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Author Topic: Garage Tie Down Of Your Bike In A Toy Hauler???  (Read 520 times)

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Dan_Lockwood

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Garage Tie Down Of Your Bike In A Toy Hauler???
« on: September 10, 2019, 02:12:03 PM »

Okay, I've hauled my bikes in trailers that I could easily bolt down through the floor into the bracing to put in front wheel chocks.

BUT...

What do you do in a toy hauler that you do NOT want to drill and bolt through the floor?

I have a roll over floor chock that I may be able to make up outriggers to add side to side stabilization and tie down front to rear.

But without any way to screw 2"x4" on each side of the rear tire to keep it from sliding, I guess you can wrap straps around the wheels, but not really impressed with that option.

So what does everyone do without bolting a permanent front wheel chock in the floor?

Thanks in advance.
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Re: Garage Tie Down Of Your Bike In A Toy Hauler???
« Reply #1 on: September 10, 2019, 02:50:43 PM »

These T nuts work really well for me although initially you do have to drill a hole for them. You tap them in from the bottom and either use an adhesive or in my case a couple small screws on the shoulder of each one to keep them in place when not in use. That way you can remove your chocks to get them out of your way when not in use.

https://www.grainger.com/product/1XGH6?cm_sp=Product_Details-_-Products_Based_on_Your_Search-_-IDPPLARECS&cm_vc=IDPPLARECS
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Re: Garage Tie Down Of Your Bike In A Toy Hauler???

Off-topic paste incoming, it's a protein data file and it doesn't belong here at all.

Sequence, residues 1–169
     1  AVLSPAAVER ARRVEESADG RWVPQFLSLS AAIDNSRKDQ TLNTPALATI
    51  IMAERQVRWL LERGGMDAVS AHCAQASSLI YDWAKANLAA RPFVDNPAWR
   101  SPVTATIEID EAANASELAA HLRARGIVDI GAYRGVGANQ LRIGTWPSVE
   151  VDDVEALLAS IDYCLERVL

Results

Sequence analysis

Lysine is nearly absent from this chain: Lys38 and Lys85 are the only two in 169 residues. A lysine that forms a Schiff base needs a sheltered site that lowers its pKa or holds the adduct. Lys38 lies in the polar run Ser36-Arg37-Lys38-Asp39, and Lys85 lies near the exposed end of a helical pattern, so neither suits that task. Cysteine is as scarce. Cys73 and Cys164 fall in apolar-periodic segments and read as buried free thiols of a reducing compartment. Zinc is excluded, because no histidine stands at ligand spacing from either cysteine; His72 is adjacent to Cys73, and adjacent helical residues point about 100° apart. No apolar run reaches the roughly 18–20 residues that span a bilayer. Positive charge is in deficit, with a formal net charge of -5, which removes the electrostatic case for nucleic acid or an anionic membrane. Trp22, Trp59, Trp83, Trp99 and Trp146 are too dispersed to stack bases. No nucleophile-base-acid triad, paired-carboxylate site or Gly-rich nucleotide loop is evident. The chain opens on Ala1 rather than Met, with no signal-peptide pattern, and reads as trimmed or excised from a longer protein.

« Reply #2 on: September 10, 2019, 05:24:47 PM »

You don't need a front wheel chock or straps.  For Harleys it's the B&W Biker Bar.

I and many, many other full time RVers have been all over the nation with it......quick, fast, easy and more secure than anything else out there.  Use the search feature on this forum or google it.

https://www.cvoharley.com/smf/index.php?topic=79634.15
« Last Edit: September 10, 2019, 05:27:41 PM by JCZ »
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Re: Garage Tie Down Of Your Bike In A Toy Hauler???
« Reply #3 on: September 10, 2019, 05:29:43 PM »

Just this quick and this simple.....

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Re: Garage Tie Down Of Your Bike In A Toy Hauler???
« Reply #4 on: September 10, 2019, 06:46:43 PM »

I feel you do need a stop in any kind of towing. The Biker Bar is a scary unit when only bolted to the plywood floor of a camping trailer.
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Re: Garage Tie Down Of Your Bike In A Toy Hauler???
« Reply #5 on: September 10, 2019, 06:59:43 PM »

I feel you do need a stop in any kind of towing. The Biker Bar is a scary unit when only bolted to the plywood floor of a camping trailer.

I would be leery in a camping trailer......hell, initially I was leery putting it in my toyhauler.  If your floor will support an 800 lb + motorcycle, it'll support the Biker Bar and the biker bar is much more stable than straps.  You could also bolt to the cross frame under the garage area.  But I've been to a number of RV rallies in the past couple of years (at one here in Red Bluff, California right now) and have seen this Biker Bar in many, many toyhaulers....large and small and in weekenders and full timers.  I've still not read or heard a negative comment. 
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Dan_Lockwood

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Re: Garage Tie Down Of Your Bike In A Toy Hauler???
« Reply #6 on: September 11, 2019, 08:35:42 AM »

I would be leery in a camping trailer......hell, initially I was leery putting it in my toyhauler.  If your floor will support an 800 lb + motorcycle, it'll support the Biker Bar and the biker bar is much more stable than straps.  You could also bolt to the cross frame under the garage area.  But I've been to a number of RV rallies in the past couple of years (at one here in Red Bluff, California right now) and have seen this Biker Bar in many, many toyhaulers....large and small and in weekenders and full timers.  I've still not read or heard a negative comment.